I met a boy at a comedy show who was handsome, and then he said he was divorced and he became even more handsome because my daddy issues are rampant. I don’t usually go for traditionally handsome men because I feel they’ve already had it pretty easy in life, and they don’t need my attention too. The men I’m attracted to tend to have something more interesting about their features like gray hair, or thick eyebrows, or a facial scar. I like to know a guy has been places and seen things. But in the wake of this break up, I took one look at this fine, damaged piece and thought, “You deserve this, Gaby.” I also made out with a slew of women because I’d missed their silky hair and soft earlobes, and because my ex would always sort of scoff at my ex-girlfriend in Brooklyn and my identity as “bisexual” as though women posed no threat.

I listened to a lot of Beyoncè, who I’d had to give up during the relationship. As a music snob, my ex would constantly scoff and remind me that Beyoncé was “just a rip-off of Tina Turner.” While I’d been excited to watch Bey perform during the 2013 Superbowl half-time show, and thrilled at her choice to have an exclusively female backing band, he’d chided me on my ignorance of “the history of good music.”

In further protest, I also listened to a lot of his other least favorite female singer: Kesha, especially the song “Sleazy” because of the lines, “I don’t need you / or your brand new Benz / or your bougie friends / and I don’t need love looking like diamonds.” She also talks about wanting to go where her friends are because screw this sweet-talking dude; he sucks. Kesha is super deep, y’all. (She is. I love her.) Another song I had on repeat was “Let Go” by RAC featuring the brilliant Kele from the British band Bloc Party. Kele is so emotive in this devastatingly upbeat song that it’s a crime he isn’t super famous. Someone make him super famous right now.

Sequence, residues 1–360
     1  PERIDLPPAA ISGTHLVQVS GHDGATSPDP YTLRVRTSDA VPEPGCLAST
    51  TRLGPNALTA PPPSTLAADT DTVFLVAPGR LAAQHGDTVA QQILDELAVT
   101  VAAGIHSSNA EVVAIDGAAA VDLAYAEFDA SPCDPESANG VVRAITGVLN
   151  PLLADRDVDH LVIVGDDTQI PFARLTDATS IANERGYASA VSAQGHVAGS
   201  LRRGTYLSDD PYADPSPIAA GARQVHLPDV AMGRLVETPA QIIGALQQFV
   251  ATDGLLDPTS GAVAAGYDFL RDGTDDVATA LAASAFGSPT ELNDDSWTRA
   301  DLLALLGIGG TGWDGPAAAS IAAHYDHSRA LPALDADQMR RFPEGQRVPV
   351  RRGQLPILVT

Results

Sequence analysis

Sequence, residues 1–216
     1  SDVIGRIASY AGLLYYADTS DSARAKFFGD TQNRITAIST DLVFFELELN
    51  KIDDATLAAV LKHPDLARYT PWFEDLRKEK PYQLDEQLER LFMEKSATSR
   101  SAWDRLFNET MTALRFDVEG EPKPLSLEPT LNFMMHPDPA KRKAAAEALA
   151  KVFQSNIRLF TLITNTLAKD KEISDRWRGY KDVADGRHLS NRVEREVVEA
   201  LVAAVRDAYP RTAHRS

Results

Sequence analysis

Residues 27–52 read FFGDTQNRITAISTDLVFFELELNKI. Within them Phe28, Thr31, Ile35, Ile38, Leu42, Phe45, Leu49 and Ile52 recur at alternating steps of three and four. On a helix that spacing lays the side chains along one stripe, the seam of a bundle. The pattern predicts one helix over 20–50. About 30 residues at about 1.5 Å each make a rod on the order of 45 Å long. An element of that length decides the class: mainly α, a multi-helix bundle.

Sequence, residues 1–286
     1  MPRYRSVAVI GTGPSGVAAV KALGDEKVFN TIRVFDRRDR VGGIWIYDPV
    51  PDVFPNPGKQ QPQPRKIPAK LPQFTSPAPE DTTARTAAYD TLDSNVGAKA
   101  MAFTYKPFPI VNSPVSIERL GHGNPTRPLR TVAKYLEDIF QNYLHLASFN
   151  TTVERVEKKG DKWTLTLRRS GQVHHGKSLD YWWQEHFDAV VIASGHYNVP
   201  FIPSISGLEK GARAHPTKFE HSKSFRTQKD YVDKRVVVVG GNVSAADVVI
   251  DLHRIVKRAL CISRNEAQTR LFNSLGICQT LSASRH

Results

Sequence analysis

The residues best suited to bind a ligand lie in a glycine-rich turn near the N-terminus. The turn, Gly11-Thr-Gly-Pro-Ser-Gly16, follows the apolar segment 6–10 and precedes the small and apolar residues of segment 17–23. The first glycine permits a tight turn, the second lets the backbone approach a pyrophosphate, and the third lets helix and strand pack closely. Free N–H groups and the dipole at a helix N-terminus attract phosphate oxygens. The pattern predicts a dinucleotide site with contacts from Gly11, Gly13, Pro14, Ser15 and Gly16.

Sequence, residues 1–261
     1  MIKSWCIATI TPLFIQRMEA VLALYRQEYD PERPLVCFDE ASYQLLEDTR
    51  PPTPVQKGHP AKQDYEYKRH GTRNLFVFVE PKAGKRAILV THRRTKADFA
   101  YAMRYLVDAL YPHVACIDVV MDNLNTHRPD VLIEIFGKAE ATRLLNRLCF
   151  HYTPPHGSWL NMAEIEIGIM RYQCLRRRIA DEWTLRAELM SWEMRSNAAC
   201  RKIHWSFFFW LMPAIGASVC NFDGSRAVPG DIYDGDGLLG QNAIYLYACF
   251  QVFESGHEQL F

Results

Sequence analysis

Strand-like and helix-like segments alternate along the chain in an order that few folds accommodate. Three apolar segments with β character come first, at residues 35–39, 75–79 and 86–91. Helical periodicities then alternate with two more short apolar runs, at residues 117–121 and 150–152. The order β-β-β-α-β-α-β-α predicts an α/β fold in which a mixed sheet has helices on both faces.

I also listened to every voicemail this man, my ex, had ever left me. I had saved them all. Starting from the beginning of our friendship all through dating, my voicemail was constantly 95 percent full. I listened to every single one starting from May 18, 2012 where he said he was on the Upper West Side and coming to meet me at a coffee shop for a friend hangout to a fight in February 2013 where I sat outside his apartment in the cold to a message telling me he hoped my show went well and he missed me in September 2013 to nothing. I deleted them one by one, and I cried.

I read a lot of books about school shootings. My morbid fascination with Columbine had taken a back seat during our relationship because I feared it was “too weird” or “goth” for him to appreciate. I read Brooks Brown’s book No Easy Answers and David Cullen’s Columbine. I also read Lionel Shriver’s fictional take on a rampaging teenage psychopath We Need To Talk About Kevin. I know this is a super dark topic to be really into, and for a while there I wondered how many books about school shootings I could order off Amazon before I ended up on a watch list. I’m hoping it’s three.

My ex hated old movies, which tend to be a break up staple. The sweeping romances of Katharine Hepburn and Spencer Tracy are supposed to make you forget about how you’ll be alone forever. But even when we were together, I’d always wanted to show him some of my favorites, which had comforted me in high school and college and were just a general feel-good genre of movie for me. However, he said he couldn’t concentrate on classic films because of the lilting way they spoke back then. I couldn’t believe it because I, and most people with functioning hearts, find the “old movie dialect” charming. In his absence, I once again reveled in Breakfast at Tiifany’s, Roman Holiday, Rebel Without A Cause, Gentlemen Prefer Blondes, and others in my big collection.

To finish off feeling badly, I mainlined all of American Horror Story’s first two seasons on Netflix in one weekend, because listen: if anyone’s going to be miserable with me, it’s going to be Dylan McDermott (and his fine ass).